In the meantime, try to follow up with details on the prescribed medications. I am sure the liquid calcium is probably glubionate or gluconate, rather than carbonate. Please state the concentration and amount you are giving. I would also like to know the specific anti-inflammatory given previously, concentration and dose if you have that, along with the concentration and dose of the panacur given previously, and the duration of both. Thanks - Mick

Wild caught animals will starve themselves in captivity yes, but this generally would manifest in the first few months and she probably wouldn't have survived the year. It would be helpful to know if she is displaying signs of stress.

You state "June" that she suffered a fall. Could you be specific in detail. Is this the same injury that was treated in June 2011 that you referenced, or was this in June of this year?

What is the nature of her disability? Is she climbing?

I will also need a follow up answer to my previous questions in order to go further.  


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YOU WILL GET A REJECTION OF YOUR QUESTION IF YOU FAIL TO FOLLOW THE INSTRUCTIONS TO QUESTIONER IN FULL!. I am primarily here to assist with health concerns. I am here for the more difficult questions. Not for questions that you could research & easily find the answer yourself. My standards are that you provide DETAILED and RELEVANT background history on your pet before you ask me any question about it other than GENDER or ID. The requested information is in the instructions to questioner. Failure to answer each of those questions to provide that background, will result in your question being rejected. I can answer questions related reptile husbandry, identification (esp. in Texas and the SW), legal aspects, and advanced level medical care. I am the director of Wichita Falls Reptile Rescue (TX), a wildlife rehabilitator specializing in reptiles, a founding member of The Society for Horned Lizard Preservation, a subscriber to the International Veterinary Information Service,, educational content contributor to, and a Dept of State Health Services accredited animal control instructor (CE) for reptile handling. I do most of my own veterinary care in-house, including minor surgery and necropsy. I am most experienced in Chelonia with box turtles and common smaller tortoises; and in Squamata with everything from Anoles, Geckos, Beardies, and Monitors, to venomous snakes. I am most known for my expertise with horned lizards (Phrynosoma). With snakes, my primary expertise is in Crotalids (rattlesnakes), but I can answer a broad range of questions about various species. I am not aware of any reptile related question that I would not be able to provide some reasonable answer for. I have a direct style and may tell you something you did not want to hear; but the welfare of the animal comes FIRST with me, and I will always reflect that position in my answer, despite how it might make you feel.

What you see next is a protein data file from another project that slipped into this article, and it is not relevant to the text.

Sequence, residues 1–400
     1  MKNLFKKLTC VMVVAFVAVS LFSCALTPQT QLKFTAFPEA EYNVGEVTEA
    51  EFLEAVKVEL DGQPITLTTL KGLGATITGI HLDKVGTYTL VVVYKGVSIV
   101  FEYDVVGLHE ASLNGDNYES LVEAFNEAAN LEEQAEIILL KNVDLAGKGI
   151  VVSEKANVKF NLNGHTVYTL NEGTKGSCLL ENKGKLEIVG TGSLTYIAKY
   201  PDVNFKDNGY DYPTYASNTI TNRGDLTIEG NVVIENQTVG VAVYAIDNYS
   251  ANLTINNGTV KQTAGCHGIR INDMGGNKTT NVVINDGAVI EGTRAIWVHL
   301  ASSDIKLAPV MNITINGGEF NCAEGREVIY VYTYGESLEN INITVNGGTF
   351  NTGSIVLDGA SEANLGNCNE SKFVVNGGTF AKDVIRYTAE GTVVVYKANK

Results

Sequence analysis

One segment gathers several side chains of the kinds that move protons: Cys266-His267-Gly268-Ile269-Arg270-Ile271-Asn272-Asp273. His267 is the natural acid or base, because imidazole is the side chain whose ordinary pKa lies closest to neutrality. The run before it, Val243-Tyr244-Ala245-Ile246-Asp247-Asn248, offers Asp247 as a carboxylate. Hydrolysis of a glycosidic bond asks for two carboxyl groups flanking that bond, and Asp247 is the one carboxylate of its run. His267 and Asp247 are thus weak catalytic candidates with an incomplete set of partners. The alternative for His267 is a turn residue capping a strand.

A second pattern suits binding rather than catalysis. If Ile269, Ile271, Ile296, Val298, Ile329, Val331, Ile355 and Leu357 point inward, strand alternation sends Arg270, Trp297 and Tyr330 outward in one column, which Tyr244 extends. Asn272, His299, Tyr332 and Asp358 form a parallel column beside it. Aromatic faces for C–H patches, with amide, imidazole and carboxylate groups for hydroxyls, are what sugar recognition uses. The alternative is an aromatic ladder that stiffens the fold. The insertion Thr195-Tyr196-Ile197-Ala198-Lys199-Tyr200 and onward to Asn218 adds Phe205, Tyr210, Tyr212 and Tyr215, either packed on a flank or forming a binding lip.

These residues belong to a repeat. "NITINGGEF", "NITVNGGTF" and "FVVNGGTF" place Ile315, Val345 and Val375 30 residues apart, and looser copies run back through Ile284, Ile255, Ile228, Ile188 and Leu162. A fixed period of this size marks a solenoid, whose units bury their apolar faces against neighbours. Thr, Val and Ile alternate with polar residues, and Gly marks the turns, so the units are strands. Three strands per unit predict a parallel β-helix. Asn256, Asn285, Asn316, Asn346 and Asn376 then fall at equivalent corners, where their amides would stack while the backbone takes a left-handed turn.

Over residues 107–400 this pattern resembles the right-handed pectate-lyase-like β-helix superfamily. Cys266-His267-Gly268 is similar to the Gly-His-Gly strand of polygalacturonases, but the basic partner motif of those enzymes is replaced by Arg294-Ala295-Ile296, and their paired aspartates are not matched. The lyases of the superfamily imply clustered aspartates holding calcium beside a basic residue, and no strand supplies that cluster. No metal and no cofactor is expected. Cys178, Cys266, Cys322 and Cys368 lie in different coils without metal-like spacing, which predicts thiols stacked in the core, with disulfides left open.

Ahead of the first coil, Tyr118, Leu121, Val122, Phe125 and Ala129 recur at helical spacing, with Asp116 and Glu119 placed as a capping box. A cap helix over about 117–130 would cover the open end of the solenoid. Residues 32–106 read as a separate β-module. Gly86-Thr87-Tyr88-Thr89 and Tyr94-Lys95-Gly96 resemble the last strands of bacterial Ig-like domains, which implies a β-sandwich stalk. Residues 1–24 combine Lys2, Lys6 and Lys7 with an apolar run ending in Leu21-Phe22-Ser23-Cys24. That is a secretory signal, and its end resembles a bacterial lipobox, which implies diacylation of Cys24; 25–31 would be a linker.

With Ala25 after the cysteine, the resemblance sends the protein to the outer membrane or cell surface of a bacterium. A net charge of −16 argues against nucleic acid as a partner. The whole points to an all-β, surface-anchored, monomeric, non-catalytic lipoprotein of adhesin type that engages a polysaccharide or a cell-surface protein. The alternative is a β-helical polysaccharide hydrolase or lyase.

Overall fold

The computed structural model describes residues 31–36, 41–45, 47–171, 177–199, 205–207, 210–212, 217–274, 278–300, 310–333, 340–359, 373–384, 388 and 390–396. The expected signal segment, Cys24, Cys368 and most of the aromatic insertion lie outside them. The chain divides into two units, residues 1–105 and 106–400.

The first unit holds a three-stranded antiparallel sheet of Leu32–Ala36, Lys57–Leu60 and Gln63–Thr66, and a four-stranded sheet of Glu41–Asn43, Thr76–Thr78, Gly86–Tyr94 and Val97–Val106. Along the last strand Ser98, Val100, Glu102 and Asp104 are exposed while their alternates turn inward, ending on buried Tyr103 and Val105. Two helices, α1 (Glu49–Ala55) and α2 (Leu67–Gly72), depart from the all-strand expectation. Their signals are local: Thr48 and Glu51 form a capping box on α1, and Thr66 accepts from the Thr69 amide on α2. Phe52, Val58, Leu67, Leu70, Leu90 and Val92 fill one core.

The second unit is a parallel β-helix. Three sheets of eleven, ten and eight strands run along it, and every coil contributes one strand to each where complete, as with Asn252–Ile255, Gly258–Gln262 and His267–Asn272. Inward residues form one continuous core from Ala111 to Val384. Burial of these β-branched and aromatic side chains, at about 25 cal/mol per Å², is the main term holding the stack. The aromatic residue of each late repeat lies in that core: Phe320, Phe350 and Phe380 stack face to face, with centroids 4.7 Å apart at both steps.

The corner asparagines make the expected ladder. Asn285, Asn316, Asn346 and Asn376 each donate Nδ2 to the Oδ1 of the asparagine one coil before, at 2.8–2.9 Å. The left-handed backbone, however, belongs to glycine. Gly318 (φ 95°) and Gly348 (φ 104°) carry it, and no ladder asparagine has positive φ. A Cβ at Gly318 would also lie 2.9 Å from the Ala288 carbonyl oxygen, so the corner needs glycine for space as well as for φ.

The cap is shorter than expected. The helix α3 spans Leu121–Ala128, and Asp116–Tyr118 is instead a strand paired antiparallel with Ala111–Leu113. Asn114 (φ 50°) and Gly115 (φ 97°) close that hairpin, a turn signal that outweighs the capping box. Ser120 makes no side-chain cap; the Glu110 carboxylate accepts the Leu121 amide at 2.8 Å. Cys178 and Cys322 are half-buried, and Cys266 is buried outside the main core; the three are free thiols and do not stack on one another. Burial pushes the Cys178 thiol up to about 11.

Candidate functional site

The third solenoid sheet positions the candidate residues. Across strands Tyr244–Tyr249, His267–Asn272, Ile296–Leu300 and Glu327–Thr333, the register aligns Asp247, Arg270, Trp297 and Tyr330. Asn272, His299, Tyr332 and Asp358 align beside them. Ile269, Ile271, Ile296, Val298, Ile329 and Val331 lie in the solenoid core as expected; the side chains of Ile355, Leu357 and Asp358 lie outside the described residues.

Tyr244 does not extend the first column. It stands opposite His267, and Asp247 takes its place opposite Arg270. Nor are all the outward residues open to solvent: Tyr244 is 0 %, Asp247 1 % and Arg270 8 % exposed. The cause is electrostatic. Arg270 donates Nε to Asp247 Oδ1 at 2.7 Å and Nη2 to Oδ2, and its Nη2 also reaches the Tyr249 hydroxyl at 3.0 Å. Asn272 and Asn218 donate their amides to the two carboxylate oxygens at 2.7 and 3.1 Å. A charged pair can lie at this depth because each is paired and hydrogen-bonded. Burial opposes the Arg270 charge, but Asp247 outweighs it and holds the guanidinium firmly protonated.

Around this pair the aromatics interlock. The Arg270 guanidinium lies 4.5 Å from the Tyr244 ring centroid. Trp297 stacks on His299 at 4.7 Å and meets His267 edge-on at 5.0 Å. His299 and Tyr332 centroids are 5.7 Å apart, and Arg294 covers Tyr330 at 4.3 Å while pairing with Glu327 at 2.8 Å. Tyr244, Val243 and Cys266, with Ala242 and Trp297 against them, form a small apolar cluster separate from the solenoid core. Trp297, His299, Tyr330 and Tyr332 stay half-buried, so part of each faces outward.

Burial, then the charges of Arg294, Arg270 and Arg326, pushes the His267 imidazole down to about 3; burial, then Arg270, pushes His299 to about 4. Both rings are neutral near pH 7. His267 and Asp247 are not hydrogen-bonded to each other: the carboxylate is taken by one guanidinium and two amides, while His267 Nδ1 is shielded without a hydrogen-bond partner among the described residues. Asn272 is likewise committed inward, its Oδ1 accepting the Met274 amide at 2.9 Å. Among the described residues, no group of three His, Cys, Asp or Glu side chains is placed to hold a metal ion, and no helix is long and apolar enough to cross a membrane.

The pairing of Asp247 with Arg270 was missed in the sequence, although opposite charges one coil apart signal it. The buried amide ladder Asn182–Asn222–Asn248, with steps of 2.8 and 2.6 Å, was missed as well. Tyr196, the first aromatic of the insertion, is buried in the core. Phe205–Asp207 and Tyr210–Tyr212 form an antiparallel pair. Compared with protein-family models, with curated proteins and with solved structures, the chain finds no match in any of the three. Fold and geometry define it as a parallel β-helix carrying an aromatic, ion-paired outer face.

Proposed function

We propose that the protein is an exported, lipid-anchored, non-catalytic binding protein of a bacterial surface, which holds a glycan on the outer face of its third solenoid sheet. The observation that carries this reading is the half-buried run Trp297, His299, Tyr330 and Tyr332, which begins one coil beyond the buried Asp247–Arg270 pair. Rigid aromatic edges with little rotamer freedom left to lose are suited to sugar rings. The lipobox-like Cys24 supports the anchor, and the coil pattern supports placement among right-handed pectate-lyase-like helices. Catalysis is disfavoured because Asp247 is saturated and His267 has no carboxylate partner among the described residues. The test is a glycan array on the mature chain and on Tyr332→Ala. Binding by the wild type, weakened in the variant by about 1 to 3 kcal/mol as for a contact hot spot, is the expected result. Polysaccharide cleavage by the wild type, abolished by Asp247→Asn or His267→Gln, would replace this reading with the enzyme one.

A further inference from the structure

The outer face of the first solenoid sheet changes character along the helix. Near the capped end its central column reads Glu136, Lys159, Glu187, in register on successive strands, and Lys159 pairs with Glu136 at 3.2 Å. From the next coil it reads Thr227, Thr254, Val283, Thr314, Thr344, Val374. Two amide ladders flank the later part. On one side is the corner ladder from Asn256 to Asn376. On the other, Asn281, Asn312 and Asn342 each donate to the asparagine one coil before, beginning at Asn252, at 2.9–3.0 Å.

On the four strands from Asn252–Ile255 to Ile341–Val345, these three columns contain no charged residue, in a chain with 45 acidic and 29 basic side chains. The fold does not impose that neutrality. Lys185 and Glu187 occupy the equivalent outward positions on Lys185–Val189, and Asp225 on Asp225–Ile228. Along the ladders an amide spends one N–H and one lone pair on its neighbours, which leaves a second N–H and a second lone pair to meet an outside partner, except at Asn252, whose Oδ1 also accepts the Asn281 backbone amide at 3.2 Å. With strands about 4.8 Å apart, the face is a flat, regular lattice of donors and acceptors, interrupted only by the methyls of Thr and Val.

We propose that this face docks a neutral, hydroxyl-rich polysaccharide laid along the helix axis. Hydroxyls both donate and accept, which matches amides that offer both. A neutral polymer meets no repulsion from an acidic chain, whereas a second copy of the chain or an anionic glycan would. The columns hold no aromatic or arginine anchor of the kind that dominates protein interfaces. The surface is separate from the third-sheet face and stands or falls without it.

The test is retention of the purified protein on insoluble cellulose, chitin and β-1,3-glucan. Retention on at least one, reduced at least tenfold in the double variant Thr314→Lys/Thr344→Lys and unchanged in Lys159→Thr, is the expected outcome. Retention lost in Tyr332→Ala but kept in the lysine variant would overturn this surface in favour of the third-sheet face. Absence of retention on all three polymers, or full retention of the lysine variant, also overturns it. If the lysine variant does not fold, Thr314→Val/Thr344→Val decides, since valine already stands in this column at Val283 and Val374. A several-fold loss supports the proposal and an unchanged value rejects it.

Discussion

I am a non-academic herpetologist with 25+ years reptile experience, and I am an accredited Texas Dept of State Health Services Animal Control Instructor for Reptiles (CE). I am a reptile rescuer, reptile wildlife rehabilitator, and subscriber to the International Veterinary Information Service, wikivet, and article/journal content contributor to Lafebervet. I have medical and scientific resources available, and I perform in house reptile veterinary care for my rescues. I am not a vet, but I read from the same materials and have had to correct quite a few in the past. The average vet is not well versed with reptile physiology and medical treatments.

Animals that I am currently caring for, or have significant rehabilitation and husbandry experience with: Horned Lizards (5 species); Eastern and Western Box Turtles; Painted, RES, YBS, Soft-Shell, and Cooter aquatic turtles; Russian Tortoises; Fire Bellied Toads; Fire Bellied Newts; Ornate Horned Frogs; Green Iguanas; Desert Iguanas; Spiny Lizards; Long Nosed Leopard Lizards; Anoles; Racerunners; Collared Lizards; Bullsnakes; Eastern Ratsnakes; Great Plains Ratsnakes; Kingsnakes; Gartersnakes; Cornsnakes; Boas; Pythons; Bearded Dragons; Water Dragons; Massasauga Rattlesnakes; Western Diamondback Rattlesnakes; Leopard, Mediterranean, Golden, Indo-Pacific, African White-Spotted Geckos; Savannah Monitors; Jeweled Curly-Tailed Lizards; Long-Tailed Grass Lizards; Fox Squirrels; Deer Mice; Hispid Cotton Rats; Merriam's Pocket Mice; Eastern Cotton-Tails; Blue Bar racing pigeon; Budgies; Asian Forest Scorpions.


Co-Founder & Director: Wichita Falls Reptile Rescue

Founder: The Society for Horned Lizard Preservation

Publications contributor. The Horned Lizard Husbandry Manual - self published 75 pages of care information on genus Phrynosoma.

Wikipedia entry "Horned Lizards" - contributed to a majority of the content., and various reptile related forums and email lists under the handles "fireside3" and PhrynosomaTexas".

My hands-on field, rehabilitation, and captive husbandry experience beats a PhD any day of the week. I am also a state accredited animal control instructor for reptile handling.

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I was requested to provide my care manual on the Desert Horned Lizard (Phrynosoma platyrhinos), for the Montreal zoo. My manual is also used by several other zoological institutions in N. America. I also teach reptile education to summer camps, and instruct wildlife rehabilitators on live saving and rehab techniques with reptiles.